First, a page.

In a surprising move, And Other Stories, an independent publisher in the United Kingdom, decided last week to take up novelist Kamila Shamsie’s call for publishers to take a stand against gender bias by publishing only women in 2018.
Publisher Stefan Tobler said that he and his colleagues had realized for a while that they were publishing more men than women, and said that, “If we don’t do it, what is going to change?” (As a side note, everyone commenting on this news seems to want to make a big deal of the fact that Tobler is a man who wanted to publish only women for a year, as if it’s a shock that a dude would be a feminist ally. Or as if this idea is somehow a more legitimate one because it has a man backing it. I find that sad).
Sophie Lewis, senior editor at And Other Stories, echoes Tobler in a piece for the Independent: “Through our acquisitions meetings and campaign planning–which will be solely focused on obtaining and promoting female writing–we’ll be able to . . . have a chance to better understand women’s routes to publication in so much more detail.” She hopes the data procured in the process will help all publishers better understand why a gap persists in the twenty-first century. She offers some hypotheses: “Could it be to do with the way in which creative writing courses are being approached? Or going back further, literature classes at school?”
Especially given the success of the satirical twitter handle GuyInYourMFA and the recent BuzzFeed comedy piece entitled “If Jane Austen Got Feedback From Some Guy In A Writing Workshop” by Shannon Reed (if you haven’t read it yet, do yourself a favor and check it out), I have to wonder if Lewis might not be onto something. I myself have commiserated with many female peers in my writing program about the number of times our work has been criticized for being “sentimental”; the same is not said of male peers’ writing that also happens to be about “feelings.”
Despite the mostly positive reviews of And Other Stories’ decision to make 2018 the Year of Women Writers, not everyone is convinced this is such a good idea.
Nicola Griffith, a writer whose piece about how women-centric stories are rarely chosen for book awards was quoted in Shamsie’s original Guardian op-ed piece, said she’s worried “this could be used to solidify battle lines, sharpen the us-versus-them attitude, which I’m not sure is the most useful approach.”
Touché. Why, just recently I had an argument with my boyfriend about the semantics of feminism (he at first insisted he did not want to be considered a feminist, which baffled me, since he’s about as pro-women’s rights as you can be). When I asked why, he insisted that he wanted to be about equal rights, not special rights (my response? “THAT’S WHAT FEMINISM IS”). So, And Other Stories’ move will likely alienate a lot of would-be sympathizers to the cause—it already has.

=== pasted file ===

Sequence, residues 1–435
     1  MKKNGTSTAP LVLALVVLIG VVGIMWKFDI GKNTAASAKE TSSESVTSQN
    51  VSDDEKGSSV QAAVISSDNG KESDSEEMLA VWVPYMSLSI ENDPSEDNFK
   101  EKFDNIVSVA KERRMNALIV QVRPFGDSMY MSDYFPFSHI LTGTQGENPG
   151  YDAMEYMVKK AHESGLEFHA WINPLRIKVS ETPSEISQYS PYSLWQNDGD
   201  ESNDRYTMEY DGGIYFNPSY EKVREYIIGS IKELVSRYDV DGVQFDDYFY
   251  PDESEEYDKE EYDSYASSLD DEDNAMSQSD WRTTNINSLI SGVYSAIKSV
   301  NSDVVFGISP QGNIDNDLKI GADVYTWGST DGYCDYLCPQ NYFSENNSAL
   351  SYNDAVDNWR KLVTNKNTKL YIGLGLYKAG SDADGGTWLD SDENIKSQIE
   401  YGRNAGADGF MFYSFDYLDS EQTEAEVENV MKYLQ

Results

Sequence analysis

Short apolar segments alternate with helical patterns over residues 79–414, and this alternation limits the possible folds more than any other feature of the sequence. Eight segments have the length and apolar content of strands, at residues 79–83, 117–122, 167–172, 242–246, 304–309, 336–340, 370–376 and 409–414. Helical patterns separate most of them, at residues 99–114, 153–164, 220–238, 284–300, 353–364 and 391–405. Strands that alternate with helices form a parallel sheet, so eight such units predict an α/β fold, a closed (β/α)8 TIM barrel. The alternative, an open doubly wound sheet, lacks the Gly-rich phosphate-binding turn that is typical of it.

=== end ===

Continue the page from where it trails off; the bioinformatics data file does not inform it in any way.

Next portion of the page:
In an opinion piece, the gender editor of Mint, Namita Bhandare, says, “Do I wait for this time-out period to pass before I can love a male author again? The prospect is too bleak for words.”
In her piece, Bhandare then lays out two more reasons why she is against Shamsie’s call for the Year of Women, saying that it is too close to censorship for her tastes, and that literature is one realm where women contenders are actually doing relatively okay by other standards (“If you want to understand gender gap, look at Fortune 500 CEOs (where 4.8%, not 40%, were women in 2014”). She ends her piece with her own provocation, stating that while she’s on Shamsie’s side, a better place to start might be for publishers to set aside a portion of profits to go towards educating more girls in literacy.
In response to those agreeing with Bhandare (who, to her credit, makes salient points and never once tries to attack Shamsie personally, or dismiss the need to address the gender gap in publishing outright), all I have to say is this: for hundreds of years, all we really had were men writers. You don’t have to wait a year to love a male writer if this Year of Publishing Women thing takes off (and right now, we only have one publisher agreeing to it, and that publisher only puts out ten to twelve books a year–a drop in the Publishing World bucket). You can just go to the library. Shamsie is not calling for hundreds of years of publishing only women to make up for those hundreds of years it was illegal for women to own property, let alone live by her pen. Just one. As a way to make a point.
It seems to me Shamsie was not asking for men to stop writing in 2018, but rather for all of us, especially those in power in the publishing industry, to start seriously figuring out why gender gaps still exist. I, for one, cannot wait to see what And Other Stories finds out in its publishing experiment and applaud it for taking Shamsie up on her call-to-action.
I can only hope that still other publishers decide to take up Bhandare’s suggestion so that, rather than testing just one solution to this issue, we can employ an array of tactics to get more women writers—and literature about women—in the hands of more readers and more critics.